The South Carolina Lowcountry’s Best Geothermal Systems, with Morelli
Geothermal systems are an exciting alternative energy option in both heating and cooling applications. The science behind geothermal and a quick description of key components is below. To start, the word geothermal gives a clue to its meaning: “geo” means “earth” and “thermal” means “heat”.
Quick Geothermal Background
A geothermal system uses water-based heat pumps located around the residential or commercial space that transfers heat from one space to another to heat or cool a building. In the winter, the earth supplies heat, acting as a heat source. The home or business is a heat sink, accepting the heat when it’s cold outside. The source and sink switch in the summertime to effectively cool a building instead of heating it.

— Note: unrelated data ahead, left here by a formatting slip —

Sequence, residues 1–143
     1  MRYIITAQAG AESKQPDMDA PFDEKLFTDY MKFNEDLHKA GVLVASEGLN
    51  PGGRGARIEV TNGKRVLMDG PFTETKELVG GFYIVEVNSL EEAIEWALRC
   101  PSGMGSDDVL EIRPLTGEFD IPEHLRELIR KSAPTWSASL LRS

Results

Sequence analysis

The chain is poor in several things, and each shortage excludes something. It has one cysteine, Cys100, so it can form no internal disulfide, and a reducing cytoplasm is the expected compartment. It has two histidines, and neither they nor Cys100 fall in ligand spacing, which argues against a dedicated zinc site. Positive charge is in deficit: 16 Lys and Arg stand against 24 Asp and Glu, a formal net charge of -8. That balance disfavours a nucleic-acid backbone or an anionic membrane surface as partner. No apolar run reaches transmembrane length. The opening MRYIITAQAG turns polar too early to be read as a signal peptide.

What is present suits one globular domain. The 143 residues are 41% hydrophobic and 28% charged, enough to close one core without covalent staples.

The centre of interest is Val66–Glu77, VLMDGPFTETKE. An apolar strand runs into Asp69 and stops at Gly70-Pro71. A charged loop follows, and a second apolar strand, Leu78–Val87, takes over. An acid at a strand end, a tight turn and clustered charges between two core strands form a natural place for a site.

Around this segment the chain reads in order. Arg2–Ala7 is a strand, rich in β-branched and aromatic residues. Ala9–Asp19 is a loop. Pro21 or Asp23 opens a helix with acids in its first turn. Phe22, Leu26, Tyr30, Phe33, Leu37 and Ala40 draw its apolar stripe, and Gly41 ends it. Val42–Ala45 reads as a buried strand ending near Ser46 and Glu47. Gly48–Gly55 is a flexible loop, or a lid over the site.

The ground certainly feels cold in the winter and hot in the summer. How can the earth supply heat when it’s frozen and accept heat when it’s steaming? Simple: look deeper. About 200 feet below the ground, the earth stays at the same temperature all year round. It’s relatively hotter than the surface during the winter and colder than the surface during the summer.